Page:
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'Every second breath you take comes from the ocean,' says expert

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'Every second breath you take comes from the ocean,' says expert
Copyright  Thierry Winn/Euronews
By Denis Loctier

The European Commission's Mission Starfish initiative aims to restore health to our seas and inland waters by 2030. Malta's Ocean Ambassador Alan Deidun, however, says most people remain emotionally detached from the big challenges currently facing our marine ecosystems.

To improve that, he says it's vitally important to raise public awareness about the state of our seas, especially with regard to pollution and climate change.

...if it wasn't for the ocean, climate change would be much worse

Ocean literate citizens

“You forget that every second breath you take comes from the ocean - more than 50 percent of the oxygen we breathe comes from the ocean," Deidun explains.

"There's one important fact to keep in mind. And another thing is that the ocean is soaking up a lot of that extra carbon dioxide and other greenhouse gases that we're spewing up into the air through the burning of fossil fuels, if it wasn't for the ocean, climate change would be much worse because of higher CO2 concentrations in the atmosphere.

So when you make people aware of these things, you turn them into ocean-literate citizens. You obviously, you know, start changing their mindset and also their behaviour and way of life to try to become change themselves, to bring about change themselves," Deidun says.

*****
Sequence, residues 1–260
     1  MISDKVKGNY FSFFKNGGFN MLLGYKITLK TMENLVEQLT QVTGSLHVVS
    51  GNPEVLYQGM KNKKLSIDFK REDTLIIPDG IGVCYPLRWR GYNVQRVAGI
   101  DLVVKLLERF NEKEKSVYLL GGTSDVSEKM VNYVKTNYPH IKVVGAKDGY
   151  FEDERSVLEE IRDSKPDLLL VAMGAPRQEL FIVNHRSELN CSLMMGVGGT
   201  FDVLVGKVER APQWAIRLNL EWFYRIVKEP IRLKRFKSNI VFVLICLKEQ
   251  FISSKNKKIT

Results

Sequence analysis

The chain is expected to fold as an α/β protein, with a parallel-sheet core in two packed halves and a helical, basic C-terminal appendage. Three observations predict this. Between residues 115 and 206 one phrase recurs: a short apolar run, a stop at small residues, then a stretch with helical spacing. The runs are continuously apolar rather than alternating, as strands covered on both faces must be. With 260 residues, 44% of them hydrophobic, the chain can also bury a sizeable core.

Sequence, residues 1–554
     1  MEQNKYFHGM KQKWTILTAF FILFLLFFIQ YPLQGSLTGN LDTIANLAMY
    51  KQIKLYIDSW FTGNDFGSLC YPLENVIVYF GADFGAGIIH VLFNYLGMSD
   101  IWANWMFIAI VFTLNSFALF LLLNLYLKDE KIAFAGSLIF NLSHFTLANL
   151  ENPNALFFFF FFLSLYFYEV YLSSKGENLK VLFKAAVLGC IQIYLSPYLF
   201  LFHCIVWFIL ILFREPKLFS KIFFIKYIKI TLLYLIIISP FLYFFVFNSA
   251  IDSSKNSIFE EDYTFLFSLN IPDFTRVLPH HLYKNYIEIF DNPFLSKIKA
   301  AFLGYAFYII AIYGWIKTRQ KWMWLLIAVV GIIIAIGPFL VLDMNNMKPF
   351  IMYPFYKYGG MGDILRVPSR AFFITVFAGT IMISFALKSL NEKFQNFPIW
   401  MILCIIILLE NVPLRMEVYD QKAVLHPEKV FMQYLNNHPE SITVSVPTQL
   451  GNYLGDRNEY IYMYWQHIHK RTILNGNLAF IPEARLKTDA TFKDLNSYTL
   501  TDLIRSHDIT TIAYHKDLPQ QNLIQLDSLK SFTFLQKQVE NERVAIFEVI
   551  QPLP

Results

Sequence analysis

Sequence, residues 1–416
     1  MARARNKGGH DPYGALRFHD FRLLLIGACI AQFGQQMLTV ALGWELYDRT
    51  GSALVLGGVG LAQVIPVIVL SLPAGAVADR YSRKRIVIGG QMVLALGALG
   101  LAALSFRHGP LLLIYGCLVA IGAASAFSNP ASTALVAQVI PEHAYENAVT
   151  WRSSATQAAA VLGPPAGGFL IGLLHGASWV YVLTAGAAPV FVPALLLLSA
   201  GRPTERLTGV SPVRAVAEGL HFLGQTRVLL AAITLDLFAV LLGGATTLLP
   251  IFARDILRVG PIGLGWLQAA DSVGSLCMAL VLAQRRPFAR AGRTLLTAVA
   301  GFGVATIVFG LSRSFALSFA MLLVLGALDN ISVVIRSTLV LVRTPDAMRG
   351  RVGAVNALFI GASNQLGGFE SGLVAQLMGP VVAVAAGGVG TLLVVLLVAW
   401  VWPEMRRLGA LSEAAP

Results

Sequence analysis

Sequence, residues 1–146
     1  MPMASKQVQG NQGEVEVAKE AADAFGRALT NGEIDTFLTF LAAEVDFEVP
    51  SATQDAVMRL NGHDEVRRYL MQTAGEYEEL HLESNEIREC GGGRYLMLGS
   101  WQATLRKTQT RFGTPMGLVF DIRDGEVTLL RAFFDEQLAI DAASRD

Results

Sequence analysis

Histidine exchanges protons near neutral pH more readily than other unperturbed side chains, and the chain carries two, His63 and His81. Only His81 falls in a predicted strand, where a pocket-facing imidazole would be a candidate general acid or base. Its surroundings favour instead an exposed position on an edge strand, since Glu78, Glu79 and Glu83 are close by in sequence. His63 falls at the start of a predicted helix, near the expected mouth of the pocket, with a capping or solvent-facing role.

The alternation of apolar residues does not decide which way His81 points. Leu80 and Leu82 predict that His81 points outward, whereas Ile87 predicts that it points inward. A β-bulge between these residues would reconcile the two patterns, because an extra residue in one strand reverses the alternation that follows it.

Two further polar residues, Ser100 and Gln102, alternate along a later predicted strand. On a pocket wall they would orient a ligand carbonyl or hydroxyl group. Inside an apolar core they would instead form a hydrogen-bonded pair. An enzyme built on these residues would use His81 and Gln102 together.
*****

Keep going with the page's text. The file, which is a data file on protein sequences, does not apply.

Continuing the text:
Bridging the emotional deficit

They're really popular. They really managed to inspire people.

The EU-backed European Ocean Coalition (EU4Ocean) is also working to improve ocean literacy.

It connects a diverse range of organisations, projects, and people, to help improve the public's knowledge and create debate about what’s happening to our seas.

And Professor Deidun says, if we're to change the tide, it's about inspiring people to find out more.

“Here in Malta, one tool which I found to be really effective is citizen science, so basically asking and training, you know, and engaging with stakeholders - and stakeholders - a broad array of stakeholders, could be people using boats, could be divers, could be snorkelers, could be people - beachgoers, anybody you know on an island obviously could be a stakeholder - to actually engage with them to acquire scientific data about the sea.

"So in that way, you are acquiring the scientific data, but the person sending you the report is getting something in return, because they're getting a greater awareness about the sea. You know, they're getting this informal education, and you would be amazed about how popular citizen science campaigns are. They're really popular. They really managed to inspire people.

"So much so that nowadays many European institutions are actually looking towards citizen science as a way to bridge what we call the emotional deficit. At the Mission Starfish, we actually identified the emotional deficits as one of the greatest obstacles to inspiring people about the ocean - people still feel detached about the ocean.”